HYPOTENSIVE
These will cause a decrease in blood pressure (2) and a reflexive increase in heart rate (causing palpitations). These
are not anti-inflammatory, so you would need to address the inflammatory effects if you were treating asthma. Common
complaints of those using 2 agonists are anxiety & insomnia (think that 2 is part of fight/fright, so CNS stimulating).
Also, 2 prepares muscles for fight/flight (glycogenolysis, perfusion), so may see muscle tremors. Glucose levels
would also increase because liver gluconeogenesis and glycogenolysis are stimulated. So dont give to diabetics.
-Little effect on heart
-Acute Bronchodilator asthma
2-Muscle tremor,
Metaproterenol
-Resistant to COMT
-Relaxes uterus to prevent
restlessness, death rate in
methylation/degradation
childbirth
asthmatics
1- tachycardia, arrhythmia,
pulmonary edema in
pregnancy, high dose
continuous use hypokalemia
-More selective for 2 than
SAME
Terbutaline
metaproterenol
-Prevent premature labor (give IV
Albuterol
albuterol)
-Slow PK, onset in 30-45min
-Only used for prophylaxis, may
Salmeterol
nighttime attacks
Same
-Primarily against premature labor -Hyperglycemia in mother &
Ritodrine
reactive hypoglycemia in
newborn
-Risky CV effects
Blocking 2 may precipitate (not cause) bronchospasms and vasospastic diseases. Also, since 2 increases lipolysis,
glycogenolysis, then with a blocker you may expect hyperlipidemia and fasting hypoglycemia. 2 typically increase
insulin, so blocking insulin release would not cause fasting hypoglycemia (insulin has little role between meals), but
rather it would cause HYPERglycemia after a meal, when insulin is required for glucose uptake. So obviously, Bblockers would always be bad to diabetics (epinephrines effects are good via 1 and 2 to help alert to hypoglycemia, &
if blocked they would not know they are hypoglycemic)
Dont give B-blockers:
MAJOR USE:
-CI in acute CHF b/c
Propanolol
1. Diabetics
-Essential Hypertension,
cannot give drug to CO
2. CHF
arrhythmia,
-Rebound tachycardia if
-Migraines blocks catechlamine
3. Asthmatics
suddenly removed
induced vasodilation in brain
CNS depressive!!!!
-Anxiety
CI: ASTHMA
-Hypethyroidism decrese
-Exercise intolerance cant
sympathetic stimulation & blocks
increase CO
periphera conversin of T4 to T3
-Decreased HR
-Angina pectoris reduction of
-Exacerbate CHF
O2 requirement of heart
-Conduction slowing
-MI-reinfarct protection
-Incease TAGS (LDL)
-Glaucoma
-Sexual dysfxn
-Delays response to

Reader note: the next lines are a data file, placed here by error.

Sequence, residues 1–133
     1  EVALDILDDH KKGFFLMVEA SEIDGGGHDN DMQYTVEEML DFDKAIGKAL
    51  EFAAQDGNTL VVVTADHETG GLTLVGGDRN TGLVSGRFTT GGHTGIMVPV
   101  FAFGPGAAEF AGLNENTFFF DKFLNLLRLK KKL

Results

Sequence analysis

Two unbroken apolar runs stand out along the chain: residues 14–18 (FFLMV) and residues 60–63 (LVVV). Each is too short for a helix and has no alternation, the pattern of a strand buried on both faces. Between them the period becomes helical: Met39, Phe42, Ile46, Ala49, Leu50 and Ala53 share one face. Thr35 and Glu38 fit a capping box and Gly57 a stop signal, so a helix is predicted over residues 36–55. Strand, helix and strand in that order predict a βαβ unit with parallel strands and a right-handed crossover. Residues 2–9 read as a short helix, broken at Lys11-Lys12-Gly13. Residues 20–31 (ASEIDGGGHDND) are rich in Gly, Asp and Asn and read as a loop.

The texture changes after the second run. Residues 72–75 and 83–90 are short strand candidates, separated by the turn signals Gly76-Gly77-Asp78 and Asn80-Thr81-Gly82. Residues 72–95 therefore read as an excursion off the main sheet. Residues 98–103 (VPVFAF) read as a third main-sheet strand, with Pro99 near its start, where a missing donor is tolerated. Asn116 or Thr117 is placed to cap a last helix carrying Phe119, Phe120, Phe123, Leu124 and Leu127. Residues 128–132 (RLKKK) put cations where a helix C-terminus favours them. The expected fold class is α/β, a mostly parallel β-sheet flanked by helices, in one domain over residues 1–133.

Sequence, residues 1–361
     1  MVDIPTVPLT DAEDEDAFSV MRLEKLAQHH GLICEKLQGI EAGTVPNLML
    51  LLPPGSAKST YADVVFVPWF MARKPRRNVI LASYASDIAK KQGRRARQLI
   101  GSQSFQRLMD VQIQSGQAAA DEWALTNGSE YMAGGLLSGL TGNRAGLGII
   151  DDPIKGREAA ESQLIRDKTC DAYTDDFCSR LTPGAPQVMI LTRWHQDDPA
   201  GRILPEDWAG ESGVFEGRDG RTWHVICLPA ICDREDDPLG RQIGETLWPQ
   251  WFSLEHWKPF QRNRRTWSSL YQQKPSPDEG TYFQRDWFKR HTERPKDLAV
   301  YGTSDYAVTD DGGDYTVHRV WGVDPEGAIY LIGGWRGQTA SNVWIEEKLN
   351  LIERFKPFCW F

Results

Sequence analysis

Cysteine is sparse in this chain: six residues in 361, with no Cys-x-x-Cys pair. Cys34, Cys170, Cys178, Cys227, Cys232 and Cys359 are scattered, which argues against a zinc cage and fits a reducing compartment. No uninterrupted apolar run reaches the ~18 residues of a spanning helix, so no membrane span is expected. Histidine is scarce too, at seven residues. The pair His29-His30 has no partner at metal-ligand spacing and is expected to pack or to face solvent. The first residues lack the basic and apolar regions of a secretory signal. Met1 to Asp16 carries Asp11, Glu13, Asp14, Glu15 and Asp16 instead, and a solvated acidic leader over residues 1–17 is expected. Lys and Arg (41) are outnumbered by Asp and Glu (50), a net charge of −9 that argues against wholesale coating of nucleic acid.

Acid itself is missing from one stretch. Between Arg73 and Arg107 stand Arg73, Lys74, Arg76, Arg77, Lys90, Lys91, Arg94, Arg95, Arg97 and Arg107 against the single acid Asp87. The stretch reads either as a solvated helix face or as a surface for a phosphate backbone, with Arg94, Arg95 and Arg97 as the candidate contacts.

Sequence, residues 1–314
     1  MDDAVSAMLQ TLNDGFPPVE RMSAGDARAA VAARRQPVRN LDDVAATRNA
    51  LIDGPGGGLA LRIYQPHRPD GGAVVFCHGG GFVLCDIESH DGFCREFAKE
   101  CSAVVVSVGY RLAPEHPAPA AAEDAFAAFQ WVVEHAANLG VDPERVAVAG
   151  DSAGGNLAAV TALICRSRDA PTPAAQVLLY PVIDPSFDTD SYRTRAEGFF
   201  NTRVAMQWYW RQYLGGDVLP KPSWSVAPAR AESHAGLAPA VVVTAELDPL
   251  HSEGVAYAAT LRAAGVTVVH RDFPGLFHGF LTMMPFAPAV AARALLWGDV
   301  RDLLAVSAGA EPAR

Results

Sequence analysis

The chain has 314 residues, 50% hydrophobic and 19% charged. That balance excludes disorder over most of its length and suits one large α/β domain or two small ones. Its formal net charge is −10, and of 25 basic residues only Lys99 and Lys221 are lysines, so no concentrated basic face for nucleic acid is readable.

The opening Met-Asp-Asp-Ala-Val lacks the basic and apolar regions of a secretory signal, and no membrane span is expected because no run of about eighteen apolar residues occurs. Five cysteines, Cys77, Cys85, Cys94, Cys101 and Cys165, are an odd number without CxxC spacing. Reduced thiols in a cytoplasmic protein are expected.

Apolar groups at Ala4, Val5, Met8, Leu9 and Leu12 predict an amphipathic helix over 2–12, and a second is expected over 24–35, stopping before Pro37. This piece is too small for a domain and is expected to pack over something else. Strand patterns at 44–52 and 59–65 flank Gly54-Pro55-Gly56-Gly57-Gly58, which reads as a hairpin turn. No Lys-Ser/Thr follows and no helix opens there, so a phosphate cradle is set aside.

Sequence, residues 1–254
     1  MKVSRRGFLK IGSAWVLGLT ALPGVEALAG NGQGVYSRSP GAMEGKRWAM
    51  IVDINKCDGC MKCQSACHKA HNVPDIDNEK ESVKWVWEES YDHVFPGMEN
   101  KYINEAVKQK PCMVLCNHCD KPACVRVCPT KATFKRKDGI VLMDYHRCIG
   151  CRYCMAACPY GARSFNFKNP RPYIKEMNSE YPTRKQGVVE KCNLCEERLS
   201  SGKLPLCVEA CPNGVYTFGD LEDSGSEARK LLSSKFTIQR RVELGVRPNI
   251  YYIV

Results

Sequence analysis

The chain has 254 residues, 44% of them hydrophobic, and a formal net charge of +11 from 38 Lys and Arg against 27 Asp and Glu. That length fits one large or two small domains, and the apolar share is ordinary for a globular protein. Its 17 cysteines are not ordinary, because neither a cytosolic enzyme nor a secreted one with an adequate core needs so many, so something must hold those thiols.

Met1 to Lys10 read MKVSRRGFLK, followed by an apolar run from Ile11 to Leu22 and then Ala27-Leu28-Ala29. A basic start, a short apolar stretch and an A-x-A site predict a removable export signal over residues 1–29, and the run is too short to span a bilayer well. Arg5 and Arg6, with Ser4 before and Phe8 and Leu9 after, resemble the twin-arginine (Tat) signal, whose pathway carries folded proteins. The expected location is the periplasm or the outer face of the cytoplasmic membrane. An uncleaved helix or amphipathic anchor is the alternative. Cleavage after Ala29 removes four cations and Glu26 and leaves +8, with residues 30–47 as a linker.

hypoglycemics
-Arrhythmics
Longer acting pure
Naldol
antagonist
-No CNS involvement
Glaucoma reduced ciliary
-Watch for systemic effects
Timolol
epithelial humour production
-Sedating
Pindolol
Partial agonist (have
No effect on blood lipids
(due to ISA)
intrinsic symp activity)

K+ channel blocker & B-Antiarrhythmic (class III)


blocker
In the heart, 1 block would case a decrease in CO, SV, and HR. In the kidney, 1 block would allow 1 predominance,
leading to a suppressed rennin release. In general, a drop in blood pressure would cause a reflex tachycardia (1) and in
a few days an increase in rennin (1). Both of these effects are blocked. 1 blocker also decreases aqueous humor
production. Blockers A M are 1 selective, NZ are nonselective
Anti hypertension/ sympathetic
Atenolol does not cause
Atenolol
cardiac overstimulation
sedation (too water soluble
-Pt. on antidepressants w/ HTN,
to cross BBB)
atenolol good b/c no sedation
Partial agonist (have
Acebutolol
No effect on blood lipids
intrinsic symp activity)
(due to ISA)
-Sedating
-Very short t1/2
-Use in ill pt.s where risk of
Esmolol
hypotension or heart failure is
great
-If they start to die, fine. just
stop giving the med
Metaprolol
Used in pregnancy
1/2 BLOCKER
Hypertension peripheral
Orthostatic hypotension
Labetalol
nonselective &
vasodilator. Decrease BP w/o
Dizziness
Carvediolol
1 Blocker
altering TAG or glucose
concentration
-Antihypertensive w/o reflex
tachycardia
Precursor ofr NE
Tx of shock CO (1 on heart),
-Same SE as sympathetics
Dopamine
DA > 1 > 1
enhances perfusion to renal (D1),
-DA metabolized (MOA or
splanchnic & coronary arteries
COMT) HVA Nausea,
*DA = NE w/out the OH
-But at DA TPR (bad)
hypertension, arrhythmia
group
aggravating the ischemic/necrosis
potential and possible reflex HR
*Think about DA w/ 1 blocker!
Phenylephrine
Tx of mydriasis & hypotension
1 > 2
-Nasal decongestant
Methoxamine
-Slow metabolism w/ little
-Eye drops redness via
Metaraminol
CNS penetratin
vasoconstriction
-Likely to be used topically
-End paroxysmal atrial
to cuase vasoconstriction
tachycardia (via vagal reflex)
1 agonist
Tx of postural hypotension
Midorine
Prodrug desglymidodrine
In gerneral, antagonists have zero efficacy. so blocking does not CAUSE vasodilation. Blocking prevents
vasoconstriction. Lowering blood pressure can cause reflex tachycardias (via 1), but you can block with B-blockers.
Only mechanism to overcome
Phenoxybenzamine -IRREVERSIBLY blocks 1
Decrease BP
& 2 (slightly 1 selective)
-Tx for pheochromocytomais by making new adrenoinduced hypertension.
recptors, which takes approx
-Also blocks H1, muscarinic
-Dx of pheochromocytoma
24 hrs
& 5HT receptors, & inhibits
-Frostbite
-MPR reflex tachycardia
NE reuptake
-Clonidine w/drawal
-Reflex CO from blocked
-Raynauds phenomena
2 1 system overrides
-Preoperative tx to help control
-Postural hypotension, nasal
hypertension & sweating
stuffiness, nausea, vomiting
-Ejaculation problems
(shooting blanks)
Nonselective, REVERSIBLE